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Andrae Crouch, a legendary gospel performer, songwriter and choir director whose work graced songs by Michael Jackson and Madonna and movies such as "The Lion King," has died. He was 72.
Crouch died Thursday 8 afternoon at Northridge Hospital Medical Center, where he had been admitted Saturday after suffering a heart attack, said his publicist, Brian Mayes.
Andraé Edward Crouch was an American gospel singer, songwriter, arranger, record producer and pastor. Referred to as "the father of modern gospel music" by contemporary Christian and gospel music professionals, Crouch was known for his compositions "The Blood Will Never Lose Its Power", "My Tribute (To God Be the Glory)" and "Soon and Very Soon".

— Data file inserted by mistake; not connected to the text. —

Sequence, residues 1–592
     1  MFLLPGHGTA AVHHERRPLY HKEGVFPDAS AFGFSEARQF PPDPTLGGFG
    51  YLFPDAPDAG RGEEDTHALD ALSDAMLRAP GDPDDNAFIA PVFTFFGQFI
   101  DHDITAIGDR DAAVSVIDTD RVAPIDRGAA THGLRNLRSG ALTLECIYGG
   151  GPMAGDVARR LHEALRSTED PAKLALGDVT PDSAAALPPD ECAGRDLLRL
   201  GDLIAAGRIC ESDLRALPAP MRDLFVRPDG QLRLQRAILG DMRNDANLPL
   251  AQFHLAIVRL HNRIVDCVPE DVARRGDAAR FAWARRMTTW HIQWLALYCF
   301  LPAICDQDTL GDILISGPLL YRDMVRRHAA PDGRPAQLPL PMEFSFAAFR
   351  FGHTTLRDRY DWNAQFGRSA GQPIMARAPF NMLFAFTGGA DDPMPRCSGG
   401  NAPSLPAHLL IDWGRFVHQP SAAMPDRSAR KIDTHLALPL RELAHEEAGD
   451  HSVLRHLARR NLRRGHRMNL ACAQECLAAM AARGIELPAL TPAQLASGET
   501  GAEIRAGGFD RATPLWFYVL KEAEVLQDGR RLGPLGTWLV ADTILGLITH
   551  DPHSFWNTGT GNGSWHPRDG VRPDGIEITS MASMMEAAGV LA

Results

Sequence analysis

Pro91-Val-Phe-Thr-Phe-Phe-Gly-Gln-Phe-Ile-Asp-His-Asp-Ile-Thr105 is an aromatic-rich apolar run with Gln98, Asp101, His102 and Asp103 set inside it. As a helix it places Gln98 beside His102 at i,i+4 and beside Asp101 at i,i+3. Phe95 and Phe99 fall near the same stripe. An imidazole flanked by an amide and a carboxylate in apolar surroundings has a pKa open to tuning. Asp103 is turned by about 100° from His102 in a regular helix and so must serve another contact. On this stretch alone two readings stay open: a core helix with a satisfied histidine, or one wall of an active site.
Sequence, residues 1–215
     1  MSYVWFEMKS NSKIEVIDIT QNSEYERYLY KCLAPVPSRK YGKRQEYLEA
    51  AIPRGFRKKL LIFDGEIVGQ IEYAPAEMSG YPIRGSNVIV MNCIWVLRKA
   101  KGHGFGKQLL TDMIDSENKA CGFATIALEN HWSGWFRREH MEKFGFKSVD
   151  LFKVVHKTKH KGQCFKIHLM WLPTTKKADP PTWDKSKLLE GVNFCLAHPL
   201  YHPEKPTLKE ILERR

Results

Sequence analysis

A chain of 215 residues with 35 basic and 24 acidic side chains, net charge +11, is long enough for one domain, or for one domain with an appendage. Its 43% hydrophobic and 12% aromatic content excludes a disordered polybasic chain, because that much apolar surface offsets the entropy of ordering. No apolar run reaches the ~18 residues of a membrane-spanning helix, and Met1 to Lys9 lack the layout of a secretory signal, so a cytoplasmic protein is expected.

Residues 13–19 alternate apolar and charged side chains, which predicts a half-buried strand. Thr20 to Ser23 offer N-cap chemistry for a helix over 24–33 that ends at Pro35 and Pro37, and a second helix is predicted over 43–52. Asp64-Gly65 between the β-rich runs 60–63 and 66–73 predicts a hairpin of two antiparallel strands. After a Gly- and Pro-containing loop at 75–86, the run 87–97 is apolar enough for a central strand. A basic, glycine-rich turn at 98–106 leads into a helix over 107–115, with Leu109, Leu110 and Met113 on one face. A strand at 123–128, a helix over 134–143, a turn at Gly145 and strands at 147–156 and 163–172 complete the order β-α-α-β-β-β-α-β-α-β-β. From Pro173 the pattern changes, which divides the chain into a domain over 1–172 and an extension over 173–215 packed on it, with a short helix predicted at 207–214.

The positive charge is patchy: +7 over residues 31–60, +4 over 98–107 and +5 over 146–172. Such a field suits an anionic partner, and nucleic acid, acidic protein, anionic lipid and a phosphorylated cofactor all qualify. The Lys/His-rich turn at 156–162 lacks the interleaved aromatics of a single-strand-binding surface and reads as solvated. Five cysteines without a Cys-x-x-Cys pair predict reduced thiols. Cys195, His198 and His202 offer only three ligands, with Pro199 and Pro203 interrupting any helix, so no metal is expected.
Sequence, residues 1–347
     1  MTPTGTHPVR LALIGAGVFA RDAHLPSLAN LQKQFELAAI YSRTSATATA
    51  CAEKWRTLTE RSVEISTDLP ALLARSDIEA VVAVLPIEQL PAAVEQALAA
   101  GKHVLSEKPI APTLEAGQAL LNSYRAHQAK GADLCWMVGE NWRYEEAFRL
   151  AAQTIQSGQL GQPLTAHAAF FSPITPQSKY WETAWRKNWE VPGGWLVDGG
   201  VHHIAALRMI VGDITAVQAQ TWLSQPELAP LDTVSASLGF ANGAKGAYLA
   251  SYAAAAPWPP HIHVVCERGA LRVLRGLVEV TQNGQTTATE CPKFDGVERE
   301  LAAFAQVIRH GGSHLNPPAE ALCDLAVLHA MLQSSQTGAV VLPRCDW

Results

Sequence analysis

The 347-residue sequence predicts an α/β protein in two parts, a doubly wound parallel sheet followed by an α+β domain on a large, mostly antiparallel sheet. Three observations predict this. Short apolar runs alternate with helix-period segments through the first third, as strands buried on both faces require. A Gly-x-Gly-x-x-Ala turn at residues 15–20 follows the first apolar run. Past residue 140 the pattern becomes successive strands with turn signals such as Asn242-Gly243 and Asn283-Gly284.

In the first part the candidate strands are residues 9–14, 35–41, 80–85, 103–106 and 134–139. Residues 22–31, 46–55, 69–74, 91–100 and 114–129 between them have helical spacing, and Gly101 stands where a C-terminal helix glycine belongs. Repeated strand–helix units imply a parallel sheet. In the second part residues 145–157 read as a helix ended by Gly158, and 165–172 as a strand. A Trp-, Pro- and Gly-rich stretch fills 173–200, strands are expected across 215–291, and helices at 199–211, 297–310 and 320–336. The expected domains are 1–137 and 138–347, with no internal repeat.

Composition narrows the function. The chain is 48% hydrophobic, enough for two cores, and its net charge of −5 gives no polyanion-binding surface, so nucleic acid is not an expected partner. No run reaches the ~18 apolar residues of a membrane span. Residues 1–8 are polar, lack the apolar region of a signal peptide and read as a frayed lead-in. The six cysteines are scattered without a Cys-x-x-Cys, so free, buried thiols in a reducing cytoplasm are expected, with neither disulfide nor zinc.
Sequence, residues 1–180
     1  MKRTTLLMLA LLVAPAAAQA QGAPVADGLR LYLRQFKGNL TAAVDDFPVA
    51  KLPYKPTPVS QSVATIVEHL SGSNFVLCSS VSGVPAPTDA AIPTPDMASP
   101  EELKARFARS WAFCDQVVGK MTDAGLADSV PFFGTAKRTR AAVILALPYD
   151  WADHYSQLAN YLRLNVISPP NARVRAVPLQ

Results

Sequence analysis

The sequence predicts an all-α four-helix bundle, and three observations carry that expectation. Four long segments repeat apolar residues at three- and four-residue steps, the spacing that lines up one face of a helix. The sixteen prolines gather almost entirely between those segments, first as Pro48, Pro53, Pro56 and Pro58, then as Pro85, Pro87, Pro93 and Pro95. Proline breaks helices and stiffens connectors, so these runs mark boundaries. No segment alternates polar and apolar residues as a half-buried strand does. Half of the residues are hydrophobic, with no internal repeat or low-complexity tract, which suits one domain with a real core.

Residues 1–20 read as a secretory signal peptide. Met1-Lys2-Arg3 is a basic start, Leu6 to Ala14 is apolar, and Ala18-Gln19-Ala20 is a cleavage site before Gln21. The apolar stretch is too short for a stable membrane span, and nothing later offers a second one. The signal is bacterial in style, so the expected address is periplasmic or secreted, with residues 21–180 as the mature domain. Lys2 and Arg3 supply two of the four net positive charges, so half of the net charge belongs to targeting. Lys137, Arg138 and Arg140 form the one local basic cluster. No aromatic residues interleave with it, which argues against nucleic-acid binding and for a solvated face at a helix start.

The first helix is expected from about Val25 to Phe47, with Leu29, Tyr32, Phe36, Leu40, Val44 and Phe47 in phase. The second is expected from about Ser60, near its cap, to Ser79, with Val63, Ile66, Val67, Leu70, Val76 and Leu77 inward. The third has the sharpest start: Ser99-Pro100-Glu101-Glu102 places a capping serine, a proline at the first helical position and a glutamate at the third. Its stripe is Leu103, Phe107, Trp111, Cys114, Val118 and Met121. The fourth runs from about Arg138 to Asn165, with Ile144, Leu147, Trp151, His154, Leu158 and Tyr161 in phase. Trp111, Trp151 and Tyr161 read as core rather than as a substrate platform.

In secular music, he was known for his collaborative work during the 1980s with Stevie Wonder, Elton John and Quincy Jones as well as conducting choirs that sang on the Michael Jackson hit "Man in the Mirror" and Madonna's "Like a Prayer". Crouch was noted for his talent of incorporating contemporary secular music styles into the gospel music he grew up with. His efforts in this area were what helped in paving the way for early American contemporary Christian music during the 1960s and 1970s.
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